Upping its ante against its rivals in the medical and pharma sector, Walgreens has finally completed its acquisition of Rite Aid’s (RAD) stores for $4.4billion. The deal brings 1,932 Rite Aid stores as well as three distribution centers under the umbrella of Walgreens, which is owned by Walgreens Boots Alliance (WBA).
Though Walgreens initially wanted to take up all of its around 4500 stores, it later had to withdraw from the plan due to anti-trust issues. The rest of the Rite Aid stores, including EnvisionRx PBM, will now go to grocery store giant Albertsons.
Rite Aid plans to use the cash received to repay its outstanding secured loans of approx $970 million. However, the stores will not be completely incorporated into Walgreens till 2020. As this mega-deal is complete, Walgreens will now commence its plan to shutter almost 600 Rite Aid stores — mainly the ones located within a mile of another Rite Aid/Walgreens store.
The deal was aimed at helping Walgreens in clawing out some market share out of its rivals, which are already on the consolidation mode. Pressure to outdo its rivals intensified last year when CVS Health (CVS), which has close to 9,700 retail locations, scooped in Aetna (AET) for $69 billion and Cigna (CI) struck a deal to buy PMB giant Express Scripts (ESRX) for $67 billion. Adding to this, Amazon (AMZN) is gradually building a niche for itself in the medical and pharma sector.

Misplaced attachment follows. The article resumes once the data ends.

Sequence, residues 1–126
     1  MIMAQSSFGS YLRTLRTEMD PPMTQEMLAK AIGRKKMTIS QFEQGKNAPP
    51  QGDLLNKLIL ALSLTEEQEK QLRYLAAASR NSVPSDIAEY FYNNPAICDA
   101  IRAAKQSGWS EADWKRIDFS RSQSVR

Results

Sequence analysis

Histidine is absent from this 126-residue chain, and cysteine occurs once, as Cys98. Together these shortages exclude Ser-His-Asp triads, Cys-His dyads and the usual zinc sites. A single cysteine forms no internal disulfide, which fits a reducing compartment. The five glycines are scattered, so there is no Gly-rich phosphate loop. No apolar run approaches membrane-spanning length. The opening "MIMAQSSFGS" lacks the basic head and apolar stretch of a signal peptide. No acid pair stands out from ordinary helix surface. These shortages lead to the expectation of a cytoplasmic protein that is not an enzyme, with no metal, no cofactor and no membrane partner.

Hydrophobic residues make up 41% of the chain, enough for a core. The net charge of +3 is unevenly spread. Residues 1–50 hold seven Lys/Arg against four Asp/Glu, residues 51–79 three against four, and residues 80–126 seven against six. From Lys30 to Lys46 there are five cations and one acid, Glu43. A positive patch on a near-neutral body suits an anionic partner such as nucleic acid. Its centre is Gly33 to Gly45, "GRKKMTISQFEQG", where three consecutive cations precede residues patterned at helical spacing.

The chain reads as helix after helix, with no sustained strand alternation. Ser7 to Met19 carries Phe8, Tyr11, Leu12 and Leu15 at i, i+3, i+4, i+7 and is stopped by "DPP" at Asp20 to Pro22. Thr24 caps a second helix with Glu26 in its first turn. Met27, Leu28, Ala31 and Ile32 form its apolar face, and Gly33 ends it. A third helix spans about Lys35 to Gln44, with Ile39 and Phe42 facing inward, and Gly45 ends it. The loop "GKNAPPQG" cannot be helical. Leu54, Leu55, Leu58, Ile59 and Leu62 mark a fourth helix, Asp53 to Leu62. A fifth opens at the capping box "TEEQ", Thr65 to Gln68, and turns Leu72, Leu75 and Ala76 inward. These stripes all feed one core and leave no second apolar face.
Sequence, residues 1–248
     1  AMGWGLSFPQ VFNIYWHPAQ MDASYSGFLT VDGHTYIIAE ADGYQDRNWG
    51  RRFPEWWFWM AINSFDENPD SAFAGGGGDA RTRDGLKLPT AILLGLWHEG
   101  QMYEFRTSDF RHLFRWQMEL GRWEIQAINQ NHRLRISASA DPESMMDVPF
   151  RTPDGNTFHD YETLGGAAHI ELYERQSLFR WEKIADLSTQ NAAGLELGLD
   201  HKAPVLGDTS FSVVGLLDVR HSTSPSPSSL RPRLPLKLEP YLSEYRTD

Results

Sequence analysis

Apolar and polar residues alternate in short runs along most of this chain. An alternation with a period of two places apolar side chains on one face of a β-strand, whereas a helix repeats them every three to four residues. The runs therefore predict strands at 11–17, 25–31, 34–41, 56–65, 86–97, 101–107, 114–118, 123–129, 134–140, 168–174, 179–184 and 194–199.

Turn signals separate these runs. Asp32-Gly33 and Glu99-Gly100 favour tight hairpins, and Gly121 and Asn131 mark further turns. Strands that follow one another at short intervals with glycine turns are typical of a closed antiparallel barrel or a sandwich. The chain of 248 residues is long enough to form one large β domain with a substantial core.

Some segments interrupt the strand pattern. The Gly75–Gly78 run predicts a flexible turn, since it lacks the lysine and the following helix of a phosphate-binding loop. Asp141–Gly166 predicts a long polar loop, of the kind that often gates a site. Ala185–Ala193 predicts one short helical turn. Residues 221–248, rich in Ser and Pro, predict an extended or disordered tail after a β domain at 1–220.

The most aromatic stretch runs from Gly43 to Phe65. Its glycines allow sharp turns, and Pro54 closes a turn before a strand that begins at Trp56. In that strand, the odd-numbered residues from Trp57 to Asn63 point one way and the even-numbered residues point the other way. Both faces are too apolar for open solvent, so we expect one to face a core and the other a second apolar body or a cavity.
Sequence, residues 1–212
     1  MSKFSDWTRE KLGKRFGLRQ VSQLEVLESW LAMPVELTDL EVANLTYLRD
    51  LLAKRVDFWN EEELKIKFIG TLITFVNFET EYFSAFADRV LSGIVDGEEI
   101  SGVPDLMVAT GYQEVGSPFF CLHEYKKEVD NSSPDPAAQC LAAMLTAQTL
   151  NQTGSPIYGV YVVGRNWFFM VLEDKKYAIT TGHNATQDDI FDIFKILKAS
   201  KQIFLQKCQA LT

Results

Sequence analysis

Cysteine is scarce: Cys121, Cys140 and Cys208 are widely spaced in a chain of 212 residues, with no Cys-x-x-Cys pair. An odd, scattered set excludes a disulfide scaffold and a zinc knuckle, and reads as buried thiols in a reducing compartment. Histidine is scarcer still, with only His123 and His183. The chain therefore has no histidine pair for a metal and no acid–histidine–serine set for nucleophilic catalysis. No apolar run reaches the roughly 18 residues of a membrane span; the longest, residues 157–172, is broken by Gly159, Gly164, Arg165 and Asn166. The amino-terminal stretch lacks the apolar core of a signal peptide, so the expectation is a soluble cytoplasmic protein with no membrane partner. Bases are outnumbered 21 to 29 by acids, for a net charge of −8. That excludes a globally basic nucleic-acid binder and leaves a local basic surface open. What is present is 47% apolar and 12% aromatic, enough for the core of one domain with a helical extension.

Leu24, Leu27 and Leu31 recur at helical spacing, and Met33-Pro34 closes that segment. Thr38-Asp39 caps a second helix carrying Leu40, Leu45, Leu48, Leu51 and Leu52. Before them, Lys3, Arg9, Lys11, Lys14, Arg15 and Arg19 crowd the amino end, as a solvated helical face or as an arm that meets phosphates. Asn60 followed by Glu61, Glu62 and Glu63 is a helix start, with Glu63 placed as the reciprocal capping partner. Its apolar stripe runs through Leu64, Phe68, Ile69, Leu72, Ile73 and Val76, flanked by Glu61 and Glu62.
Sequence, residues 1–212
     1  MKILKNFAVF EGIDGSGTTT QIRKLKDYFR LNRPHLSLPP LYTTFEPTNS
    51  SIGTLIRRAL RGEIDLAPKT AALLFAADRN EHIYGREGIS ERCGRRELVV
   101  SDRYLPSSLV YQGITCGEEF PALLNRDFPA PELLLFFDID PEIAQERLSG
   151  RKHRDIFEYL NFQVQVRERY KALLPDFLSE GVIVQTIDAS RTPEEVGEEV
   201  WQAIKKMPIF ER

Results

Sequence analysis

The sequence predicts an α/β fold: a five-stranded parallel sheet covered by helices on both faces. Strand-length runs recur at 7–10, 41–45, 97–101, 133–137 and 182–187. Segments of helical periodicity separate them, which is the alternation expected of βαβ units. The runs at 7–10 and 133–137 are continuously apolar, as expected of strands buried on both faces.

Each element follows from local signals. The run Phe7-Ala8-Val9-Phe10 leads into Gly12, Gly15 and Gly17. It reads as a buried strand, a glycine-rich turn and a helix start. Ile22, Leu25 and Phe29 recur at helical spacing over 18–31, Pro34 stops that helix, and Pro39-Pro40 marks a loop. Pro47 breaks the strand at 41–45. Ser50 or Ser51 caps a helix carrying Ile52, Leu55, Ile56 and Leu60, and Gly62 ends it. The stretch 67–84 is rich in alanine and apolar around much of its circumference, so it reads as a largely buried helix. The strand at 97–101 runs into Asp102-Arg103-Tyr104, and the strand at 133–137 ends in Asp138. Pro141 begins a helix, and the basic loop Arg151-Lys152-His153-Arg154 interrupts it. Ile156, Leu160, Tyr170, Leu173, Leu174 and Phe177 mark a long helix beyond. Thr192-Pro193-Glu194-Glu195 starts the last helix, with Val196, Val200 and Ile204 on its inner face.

Meanwhile, the acquisition of Rite Aid stores boosted Walgreens’ performance during the recent second quarter. The company’s earnings rose 27% to $1.73 per share and revenue jumped 12.1% to $33.02 billion. In fact, this quarter’s sales growth was the highest in the past eight quarters. Same-sales stores rose 2.4% and pharmacy sales rose 5.1%.
The positive results made Walgreens raise its guidance for 2018. The company now sees its earnings to be about $5.58 to $6.05 per share. Walgreens shares closed 2.5% higher at $67.59 on Wednesday.